One Friday afternoon in February 1912, the women who worked on the French netting machines at Gundry’s net-making factory in the market town of Bridport, Dorset, SW England, were informed (without notice) that their pay was to be reduced to match the wages of the girls and women who worked on the other machines in the factory. The women refused to accept this pay cut and immediately came out on strike. There was no precedent for this, and the women were on their own, there was no union backing, it was regarded as a wildcat strike.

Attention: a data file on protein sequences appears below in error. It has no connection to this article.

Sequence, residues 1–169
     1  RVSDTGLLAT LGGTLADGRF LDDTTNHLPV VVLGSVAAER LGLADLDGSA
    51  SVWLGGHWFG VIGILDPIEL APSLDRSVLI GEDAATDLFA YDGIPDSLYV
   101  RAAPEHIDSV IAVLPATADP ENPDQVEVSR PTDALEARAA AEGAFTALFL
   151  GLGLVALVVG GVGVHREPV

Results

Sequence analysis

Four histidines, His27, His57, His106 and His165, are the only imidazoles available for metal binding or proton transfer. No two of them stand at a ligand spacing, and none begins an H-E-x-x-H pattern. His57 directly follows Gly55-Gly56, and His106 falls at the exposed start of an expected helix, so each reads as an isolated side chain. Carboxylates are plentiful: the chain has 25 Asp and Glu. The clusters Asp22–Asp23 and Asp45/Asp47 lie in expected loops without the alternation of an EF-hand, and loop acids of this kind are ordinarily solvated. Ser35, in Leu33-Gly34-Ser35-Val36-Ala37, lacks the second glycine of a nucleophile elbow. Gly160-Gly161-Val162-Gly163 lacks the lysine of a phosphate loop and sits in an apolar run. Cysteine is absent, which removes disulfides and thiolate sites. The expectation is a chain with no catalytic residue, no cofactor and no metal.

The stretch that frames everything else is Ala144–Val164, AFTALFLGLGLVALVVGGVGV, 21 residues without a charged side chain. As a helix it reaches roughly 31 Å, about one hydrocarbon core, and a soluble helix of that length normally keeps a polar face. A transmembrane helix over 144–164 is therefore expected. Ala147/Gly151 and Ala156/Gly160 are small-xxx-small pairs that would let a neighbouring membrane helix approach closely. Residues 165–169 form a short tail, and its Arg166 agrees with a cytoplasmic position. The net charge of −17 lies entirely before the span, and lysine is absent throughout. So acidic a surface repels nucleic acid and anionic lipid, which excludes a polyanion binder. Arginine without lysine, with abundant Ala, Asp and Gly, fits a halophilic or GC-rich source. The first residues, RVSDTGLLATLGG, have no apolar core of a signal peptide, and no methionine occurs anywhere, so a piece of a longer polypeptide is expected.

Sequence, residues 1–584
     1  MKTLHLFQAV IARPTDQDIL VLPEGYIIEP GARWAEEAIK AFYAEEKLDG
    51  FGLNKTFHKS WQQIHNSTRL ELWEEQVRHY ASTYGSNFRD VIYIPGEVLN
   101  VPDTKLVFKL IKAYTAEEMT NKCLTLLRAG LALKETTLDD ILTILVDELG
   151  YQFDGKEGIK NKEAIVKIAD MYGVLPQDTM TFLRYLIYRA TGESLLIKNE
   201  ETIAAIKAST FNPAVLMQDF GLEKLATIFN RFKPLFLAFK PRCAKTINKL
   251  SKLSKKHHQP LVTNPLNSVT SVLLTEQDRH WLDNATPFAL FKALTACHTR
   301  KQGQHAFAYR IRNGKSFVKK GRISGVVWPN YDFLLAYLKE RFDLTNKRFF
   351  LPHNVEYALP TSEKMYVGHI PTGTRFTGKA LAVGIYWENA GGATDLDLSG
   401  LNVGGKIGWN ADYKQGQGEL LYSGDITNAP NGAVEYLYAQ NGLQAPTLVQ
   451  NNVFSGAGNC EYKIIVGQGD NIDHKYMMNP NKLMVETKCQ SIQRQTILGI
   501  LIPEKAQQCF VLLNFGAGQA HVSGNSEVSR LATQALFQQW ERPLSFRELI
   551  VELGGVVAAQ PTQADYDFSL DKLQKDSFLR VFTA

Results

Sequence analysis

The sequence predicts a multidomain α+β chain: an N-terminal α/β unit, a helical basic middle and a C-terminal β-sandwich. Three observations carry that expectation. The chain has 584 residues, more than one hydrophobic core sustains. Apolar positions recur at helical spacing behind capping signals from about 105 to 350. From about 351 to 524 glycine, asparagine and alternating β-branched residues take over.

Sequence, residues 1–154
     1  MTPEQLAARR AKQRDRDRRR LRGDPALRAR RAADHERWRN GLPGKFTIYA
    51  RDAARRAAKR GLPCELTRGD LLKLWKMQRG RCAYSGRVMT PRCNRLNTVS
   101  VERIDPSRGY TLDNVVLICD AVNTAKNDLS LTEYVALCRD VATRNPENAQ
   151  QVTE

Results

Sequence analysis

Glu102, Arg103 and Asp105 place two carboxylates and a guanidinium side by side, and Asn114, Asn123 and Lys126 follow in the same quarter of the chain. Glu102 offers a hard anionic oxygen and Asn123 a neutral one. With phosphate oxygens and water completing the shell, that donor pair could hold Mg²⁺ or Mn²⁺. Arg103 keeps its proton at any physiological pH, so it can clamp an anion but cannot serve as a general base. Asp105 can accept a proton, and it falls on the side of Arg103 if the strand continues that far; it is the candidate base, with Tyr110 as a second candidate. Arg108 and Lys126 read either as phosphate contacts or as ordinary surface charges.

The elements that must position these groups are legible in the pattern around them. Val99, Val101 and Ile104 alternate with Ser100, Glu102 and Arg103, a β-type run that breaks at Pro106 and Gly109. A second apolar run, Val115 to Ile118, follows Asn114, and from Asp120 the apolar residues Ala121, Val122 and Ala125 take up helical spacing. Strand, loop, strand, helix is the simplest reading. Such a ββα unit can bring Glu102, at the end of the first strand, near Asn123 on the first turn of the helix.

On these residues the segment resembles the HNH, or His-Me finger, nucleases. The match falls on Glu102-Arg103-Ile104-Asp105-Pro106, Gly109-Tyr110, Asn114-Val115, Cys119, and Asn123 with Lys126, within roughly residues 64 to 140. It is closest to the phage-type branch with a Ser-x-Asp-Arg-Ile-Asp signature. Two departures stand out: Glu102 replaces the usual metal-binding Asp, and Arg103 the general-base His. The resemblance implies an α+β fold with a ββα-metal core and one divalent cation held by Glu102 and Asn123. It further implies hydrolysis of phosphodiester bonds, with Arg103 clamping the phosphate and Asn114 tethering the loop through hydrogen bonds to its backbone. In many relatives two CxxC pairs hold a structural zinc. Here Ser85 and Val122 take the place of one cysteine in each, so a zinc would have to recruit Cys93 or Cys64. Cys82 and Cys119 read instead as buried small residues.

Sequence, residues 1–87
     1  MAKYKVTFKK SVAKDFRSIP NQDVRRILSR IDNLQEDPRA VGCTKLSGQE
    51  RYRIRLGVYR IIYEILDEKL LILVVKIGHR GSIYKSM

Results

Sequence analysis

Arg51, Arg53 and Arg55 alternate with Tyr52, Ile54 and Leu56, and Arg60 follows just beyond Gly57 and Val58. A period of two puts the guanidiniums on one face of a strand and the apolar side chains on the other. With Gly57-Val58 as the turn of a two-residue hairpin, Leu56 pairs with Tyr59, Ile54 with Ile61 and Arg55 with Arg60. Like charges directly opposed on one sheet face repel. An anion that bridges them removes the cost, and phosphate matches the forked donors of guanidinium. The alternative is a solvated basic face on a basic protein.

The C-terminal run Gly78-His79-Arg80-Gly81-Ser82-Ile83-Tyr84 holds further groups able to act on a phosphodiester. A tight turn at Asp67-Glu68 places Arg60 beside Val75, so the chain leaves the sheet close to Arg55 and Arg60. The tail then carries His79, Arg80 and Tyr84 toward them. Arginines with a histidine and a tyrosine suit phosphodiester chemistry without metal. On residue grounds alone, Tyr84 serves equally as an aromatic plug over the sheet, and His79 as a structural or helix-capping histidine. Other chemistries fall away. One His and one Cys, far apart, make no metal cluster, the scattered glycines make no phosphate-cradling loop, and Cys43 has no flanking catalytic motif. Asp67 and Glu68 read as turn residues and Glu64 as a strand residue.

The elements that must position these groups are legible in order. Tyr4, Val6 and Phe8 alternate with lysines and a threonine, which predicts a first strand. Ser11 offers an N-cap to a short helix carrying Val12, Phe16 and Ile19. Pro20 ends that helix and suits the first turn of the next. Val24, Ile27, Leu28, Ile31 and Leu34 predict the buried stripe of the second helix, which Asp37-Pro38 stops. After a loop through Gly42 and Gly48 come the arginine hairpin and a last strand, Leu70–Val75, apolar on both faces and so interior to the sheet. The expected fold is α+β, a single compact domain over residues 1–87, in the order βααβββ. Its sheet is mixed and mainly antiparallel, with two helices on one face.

They marched through the town, waving banners saying “We want our rights”, singing Suffragette songs, including the “March of the Women”, which had only been composed some six months earlier by Dame Ethel Smyth as an anthem for the Suffragette cause.
The Bridport Wildcats
The women received support from the whole town – in…